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Sugar Alcohols are Reduced-Calorie Sweeteners

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Updated February 08, 2014

Written or reviewed by a board-certified physician. See About.com's Medical Review Board.

Sugar alcohols are often used as reduced-calorie sweeteners in candies, snacks, toothpaste, mouthwash and chewing gum. They're called sugar alcohols because of their chemical structure -- however, they don't contain any ethanol, which is the alcohol found in alcoholic beverages.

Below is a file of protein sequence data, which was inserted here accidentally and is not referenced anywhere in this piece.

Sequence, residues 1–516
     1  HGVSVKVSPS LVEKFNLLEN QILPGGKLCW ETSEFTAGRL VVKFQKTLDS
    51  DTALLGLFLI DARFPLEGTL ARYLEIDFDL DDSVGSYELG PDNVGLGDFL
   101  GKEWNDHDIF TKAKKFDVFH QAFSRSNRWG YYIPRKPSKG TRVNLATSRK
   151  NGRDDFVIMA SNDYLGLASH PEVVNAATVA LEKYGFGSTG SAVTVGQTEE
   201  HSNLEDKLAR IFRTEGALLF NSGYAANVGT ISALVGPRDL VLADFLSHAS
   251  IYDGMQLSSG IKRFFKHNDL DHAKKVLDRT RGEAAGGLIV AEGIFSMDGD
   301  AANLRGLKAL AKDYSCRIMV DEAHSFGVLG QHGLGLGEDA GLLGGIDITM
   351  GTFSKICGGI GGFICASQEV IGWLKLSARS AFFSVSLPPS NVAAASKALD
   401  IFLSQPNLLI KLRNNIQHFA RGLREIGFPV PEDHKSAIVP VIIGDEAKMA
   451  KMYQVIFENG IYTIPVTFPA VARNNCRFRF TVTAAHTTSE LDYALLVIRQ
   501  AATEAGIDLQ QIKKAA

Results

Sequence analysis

Sugar alcohols are used to replace added sugars, but they're not calorie-free like most artificial sweeteners. In fact, they can have up to half of the calories per gram of regular sugar. They're safe to use in your diet, although some people suffer bloating or diarrhea if they consume too much of them.

What You'll See on the Food Label

  • erythritol
  • lactitol
  • maltitol
  • mannitol
  • sorbitol
  • xylitol
  • isomalt
  • hydrogenated starch hydrolysates

Using sugar alcohols can help you enjoy sweets with fewer calories than regular sugar, plus they won't promote tooth decay. But you need to know that just because a food claims to be sugar-free because it is sweetened with sugar alcohol does not mean it is going to be calorie-free. You need to check the Nutrition Facts label for the calorie, sugar, fat and sodium content for each serving.

Source:

American Diabetes Association. "Sugar Alcohols." Accessed January 25, 2010.

 

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